Improve your Application’s Performance with Dynamic Site Cache

by | Nov 24, 2020


Michael lives in Los Angeles with his girlfriend Jennifer. When he’s not writing, Michael spends his time as a hopeless sneakerhead, amateur pickler, and cheese-maker, and is currently studying economics and Japanese.

One of the best ways to improve the performance of a web application is to enable caching. The most commonly used caching method stores copies of static files locally in your visitors’ browsers, significantly reducing load times, especially for consecutive pages that use the same resources. However, an obvious drawback of this approach is that new visitors to your ecommerce storefront cannot take advantage of this benefit.

Another caching mechanism is through CDNs – globally distributed servers that cache content closer to internet users to deliver it quickly and improve performance. However, only static content (such as images) that do not change often are typically cached on CDNs. Web pages have many different types of static assets, more than just images.

Webscale Dynamic Site Cache works similarly to CDNs, by caching assets on its elastic data plane. These cached resources are then delivered directly from the Webscale data plane, bypassing the origin server, with very low time-to-first-byte (TTFB). You can also configure Dynamic Site Cache to cache assets that aren’t customarily cached, such as PHP-generated pages.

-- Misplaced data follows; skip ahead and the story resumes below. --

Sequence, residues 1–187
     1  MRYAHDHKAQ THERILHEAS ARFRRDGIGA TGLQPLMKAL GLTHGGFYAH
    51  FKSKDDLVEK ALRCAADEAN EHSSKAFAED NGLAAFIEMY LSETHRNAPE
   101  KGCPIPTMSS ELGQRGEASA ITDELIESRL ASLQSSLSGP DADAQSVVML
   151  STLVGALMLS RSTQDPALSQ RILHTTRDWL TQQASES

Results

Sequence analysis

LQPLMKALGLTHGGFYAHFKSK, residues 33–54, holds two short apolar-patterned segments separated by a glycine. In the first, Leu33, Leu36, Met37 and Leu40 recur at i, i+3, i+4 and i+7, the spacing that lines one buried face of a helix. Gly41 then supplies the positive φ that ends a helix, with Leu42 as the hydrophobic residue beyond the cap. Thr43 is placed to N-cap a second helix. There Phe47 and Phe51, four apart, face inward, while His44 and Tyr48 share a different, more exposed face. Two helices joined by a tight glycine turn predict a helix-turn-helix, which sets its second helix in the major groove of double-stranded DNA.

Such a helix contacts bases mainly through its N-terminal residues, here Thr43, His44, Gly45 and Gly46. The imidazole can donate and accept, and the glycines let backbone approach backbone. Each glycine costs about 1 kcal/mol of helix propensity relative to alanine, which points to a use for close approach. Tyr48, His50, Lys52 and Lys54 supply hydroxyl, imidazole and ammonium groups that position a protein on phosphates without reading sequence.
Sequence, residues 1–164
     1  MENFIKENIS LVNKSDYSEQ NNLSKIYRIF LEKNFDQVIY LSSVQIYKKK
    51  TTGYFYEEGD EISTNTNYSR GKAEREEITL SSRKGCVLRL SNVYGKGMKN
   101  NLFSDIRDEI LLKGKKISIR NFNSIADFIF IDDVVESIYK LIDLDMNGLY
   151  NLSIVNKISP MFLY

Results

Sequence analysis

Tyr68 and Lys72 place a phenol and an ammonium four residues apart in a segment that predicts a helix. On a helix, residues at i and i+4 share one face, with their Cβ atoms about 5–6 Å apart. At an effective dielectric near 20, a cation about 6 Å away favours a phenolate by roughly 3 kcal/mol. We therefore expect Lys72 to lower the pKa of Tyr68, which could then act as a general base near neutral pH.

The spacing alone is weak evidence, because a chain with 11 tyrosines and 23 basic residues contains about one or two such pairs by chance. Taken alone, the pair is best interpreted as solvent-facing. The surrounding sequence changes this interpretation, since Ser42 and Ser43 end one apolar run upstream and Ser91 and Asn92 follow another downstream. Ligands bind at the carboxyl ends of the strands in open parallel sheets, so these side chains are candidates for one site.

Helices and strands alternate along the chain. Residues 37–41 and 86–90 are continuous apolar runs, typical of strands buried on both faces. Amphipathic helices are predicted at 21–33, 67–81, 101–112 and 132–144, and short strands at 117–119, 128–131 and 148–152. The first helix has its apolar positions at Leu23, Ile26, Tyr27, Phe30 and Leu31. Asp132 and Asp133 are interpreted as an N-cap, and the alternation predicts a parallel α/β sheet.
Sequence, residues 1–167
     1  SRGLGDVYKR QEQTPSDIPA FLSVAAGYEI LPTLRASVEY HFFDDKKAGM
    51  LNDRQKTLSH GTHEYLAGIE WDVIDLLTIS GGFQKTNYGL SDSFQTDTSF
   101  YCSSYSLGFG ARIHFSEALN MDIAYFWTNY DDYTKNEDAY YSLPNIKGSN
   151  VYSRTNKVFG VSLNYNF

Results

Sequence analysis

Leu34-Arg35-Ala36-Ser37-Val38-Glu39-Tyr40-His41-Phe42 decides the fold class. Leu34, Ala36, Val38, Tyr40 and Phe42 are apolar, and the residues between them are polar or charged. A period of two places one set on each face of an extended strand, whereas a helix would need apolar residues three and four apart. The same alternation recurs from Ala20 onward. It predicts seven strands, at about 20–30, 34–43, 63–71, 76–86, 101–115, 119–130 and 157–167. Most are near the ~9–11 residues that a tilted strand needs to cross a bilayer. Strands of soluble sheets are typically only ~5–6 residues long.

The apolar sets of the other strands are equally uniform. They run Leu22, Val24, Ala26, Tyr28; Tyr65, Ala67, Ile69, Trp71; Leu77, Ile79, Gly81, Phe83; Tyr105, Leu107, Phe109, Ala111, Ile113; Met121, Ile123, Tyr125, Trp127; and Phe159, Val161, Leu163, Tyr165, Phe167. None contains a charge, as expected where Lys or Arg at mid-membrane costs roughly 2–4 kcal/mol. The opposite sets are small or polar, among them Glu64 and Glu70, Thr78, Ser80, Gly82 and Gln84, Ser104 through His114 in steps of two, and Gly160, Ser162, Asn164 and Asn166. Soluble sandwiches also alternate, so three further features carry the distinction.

Dynamic Site Cache is especially useful to serve non-personalized content through visits by anonymous or non-logged-in users and bot requests (google bot, etc.). Pages that change often or adapt to user interaction, such as checkouts, should not be cached. Additionally, due to the network proximity and architectural integration of the Webscale data plane with the application, it is easy to automatically invalidate any content cached in Dynamic Site Cache when it changes in the backend.

Dynamic Site Cache has opened up the potential of caching almost anything, forever, till it actually changes in the backend and then is instantaneously invalidated. All of this makes Dynamic Site Cache more powerful and complementary to edge caching by CDNs, and more importantly, it significantly improves performance.

Specifying what pages or resources should be cached is done by creating simple rules in your Webscale control panel. Rules should be configured so that only content that can be served to any user of your site is cached. It’s important to note that cookies are automatically removed from responses delivered from the cache – this is also important to remember when configuring your rules.

Everyone knows that a fast loading website is a must for any site, but this is even more true for ecommerce storefronts. Configuring Webscale Dynamic Site Cache for your application helps ensure that your visitors get the blazingly fast performance they expect, as well as helping your site’s SEO.

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